Regulators worldwide are increasingly being vigilant about any greenwashing business for consumers’ protection and rightly so.
The FTC is already looking to revised their Environmental Marketing guidelines through a series of workshops that examines green marketing.
In Norway, tighter advertising guidelines on cars are being enforced such as fining car makers if they use the words ‘environmentally friendly’, ‘green’, ‘clean’, ‘environmental car’, ‘natural’ or similar descriptions, according to a Reuters article.
“If someone says their car is more ‘green’ or ‘environmentally friendly’ than others then they would have to be able to document it in every aspect from production, to emissions, to energy use, to recycling. In practice that can’t be done,” says a Norwegian government official.
EnviroMedia, a green marketing agency based in Austin, Texas, recently launched its Greenwashing Index, where anybody can rate any company’s green advertisings and marketing claims.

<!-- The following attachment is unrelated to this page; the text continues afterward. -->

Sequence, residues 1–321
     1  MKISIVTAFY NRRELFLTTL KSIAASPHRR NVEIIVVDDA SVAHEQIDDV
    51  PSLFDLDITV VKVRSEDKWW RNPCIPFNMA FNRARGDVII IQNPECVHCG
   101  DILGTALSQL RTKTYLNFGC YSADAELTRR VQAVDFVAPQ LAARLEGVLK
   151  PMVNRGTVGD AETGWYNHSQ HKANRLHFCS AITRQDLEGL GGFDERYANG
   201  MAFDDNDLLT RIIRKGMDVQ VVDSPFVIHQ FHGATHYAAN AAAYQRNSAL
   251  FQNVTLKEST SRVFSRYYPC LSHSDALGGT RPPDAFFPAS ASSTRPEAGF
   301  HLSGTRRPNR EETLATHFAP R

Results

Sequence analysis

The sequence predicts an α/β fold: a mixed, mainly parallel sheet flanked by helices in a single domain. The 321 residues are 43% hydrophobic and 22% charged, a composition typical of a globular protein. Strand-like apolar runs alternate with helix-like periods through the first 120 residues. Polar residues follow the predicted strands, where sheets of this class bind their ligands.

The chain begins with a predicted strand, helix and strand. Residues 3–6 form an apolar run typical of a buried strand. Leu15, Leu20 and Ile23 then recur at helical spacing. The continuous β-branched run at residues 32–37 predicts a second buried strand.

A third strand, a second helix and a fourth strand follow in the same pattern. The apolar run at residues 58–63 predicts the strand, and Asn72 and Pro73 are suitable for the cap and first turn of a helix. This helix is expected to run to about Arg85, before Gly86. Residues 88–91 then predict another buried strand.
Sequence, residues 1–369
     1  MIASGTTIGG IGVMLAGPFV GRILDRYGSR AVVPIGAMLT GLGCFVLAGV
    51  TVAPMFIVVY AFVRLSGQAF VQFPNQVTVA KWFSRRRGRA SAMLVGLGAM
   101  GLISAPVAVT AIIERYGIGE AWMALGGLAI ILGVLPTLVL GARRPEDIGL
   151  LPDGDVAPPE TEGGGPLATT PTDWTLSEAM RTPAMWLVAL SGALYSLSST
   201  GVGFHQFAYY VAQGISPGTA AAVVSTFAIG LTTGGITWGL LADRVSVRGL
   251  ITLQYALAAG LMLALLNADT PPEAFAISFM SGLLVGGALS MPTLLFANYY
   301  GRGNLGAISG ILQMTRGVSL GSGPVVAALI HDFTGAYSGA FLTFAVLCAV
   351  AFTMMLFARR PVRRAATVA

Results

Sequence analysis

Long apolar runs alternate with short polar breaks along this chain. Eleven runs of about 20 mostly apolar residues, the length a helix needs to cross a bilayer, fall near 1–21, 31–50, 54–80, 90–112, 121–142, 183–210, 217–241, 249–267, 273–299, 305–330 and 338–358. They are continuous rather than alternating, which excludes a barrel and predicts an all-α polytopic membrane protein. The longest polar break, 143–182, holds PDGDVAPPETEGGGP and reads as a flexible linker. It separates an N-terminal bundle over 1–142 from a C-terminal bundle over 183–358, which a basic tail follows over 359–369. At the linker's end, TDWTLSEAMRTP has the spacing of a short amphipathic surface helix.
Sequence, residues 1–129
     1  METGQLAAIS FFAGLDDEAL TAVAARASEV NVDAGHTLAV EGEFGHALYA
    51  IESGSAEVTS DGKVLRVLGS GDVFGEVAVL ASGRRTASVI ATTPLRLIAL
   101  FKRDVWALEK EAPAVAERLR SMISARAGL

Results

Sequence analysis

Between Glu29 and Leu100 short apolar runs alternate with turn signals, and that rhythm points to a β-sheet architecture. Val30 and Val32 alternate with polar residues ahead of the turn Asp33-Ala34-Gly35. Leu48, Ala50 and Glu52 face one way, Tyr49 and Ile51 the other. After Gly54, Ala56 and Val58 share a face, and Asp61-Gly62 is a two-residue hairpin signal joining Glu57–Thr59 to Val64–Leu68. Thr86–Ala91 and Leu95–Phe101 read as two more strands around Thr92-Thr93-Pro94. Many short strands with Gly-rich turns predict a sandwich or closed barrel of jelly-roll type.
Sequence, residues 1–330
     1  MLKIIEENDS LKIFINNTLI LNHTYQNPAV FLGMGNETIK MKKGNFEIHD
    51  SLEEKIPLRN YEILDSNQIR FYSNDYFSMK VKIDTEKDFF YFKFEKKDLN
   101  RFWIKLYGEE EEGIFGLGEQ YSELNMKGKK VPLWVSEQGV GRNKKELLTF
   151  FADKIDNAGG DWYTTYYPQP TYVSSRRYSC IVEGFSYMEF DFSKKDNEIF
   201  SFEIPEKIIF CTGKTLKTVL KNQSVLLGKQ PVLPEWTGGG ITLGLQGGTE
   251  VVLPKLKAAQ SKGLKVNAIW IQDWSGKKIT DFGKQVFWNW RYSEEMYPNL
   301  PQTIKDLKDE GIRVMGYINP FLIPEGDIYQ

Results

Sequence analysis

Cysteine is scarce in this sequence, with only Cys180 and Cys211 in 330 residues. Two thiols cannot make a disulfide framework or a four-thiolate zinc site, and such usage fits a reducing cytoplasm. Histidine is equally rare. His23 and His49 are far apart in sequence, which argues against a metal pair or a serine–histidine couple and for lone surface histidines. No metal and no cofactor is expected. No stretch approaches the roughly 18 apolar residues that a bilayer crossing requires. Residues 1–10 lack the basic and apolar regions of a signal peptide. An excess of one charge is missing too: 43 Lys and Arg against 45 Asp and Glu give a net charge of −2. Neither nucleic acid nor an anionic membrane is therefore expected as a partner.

The Malaysian Palm Oil Council, a Chevy billboard, a coal advertising in Pennsylvania, Kermit the Frog (in a Ford commercial), and an advertising about waste management are some of the top green hogwashers in the Index.
I think a Greenwash Index is a good idea for warning consumers about unscrupulous marketers. However, one major issue is trying to define what green really means to a consumer. Some of the participants seem to be giving bad rates just because they can and not because of any reasonable explanations on why they think the ads are misleading or their products are not being green enough. One commented about Kermit being a traitor and rated the Ford ad as a total greenwash (the highest uncomplimentary rate is 5).
Another rated an eco water bottle with 4.6 because reducing its plastic content by 30% is not good enough to use the word “eco”. To him (or her), the only way a plastic water bottle can be green is by not existing at all.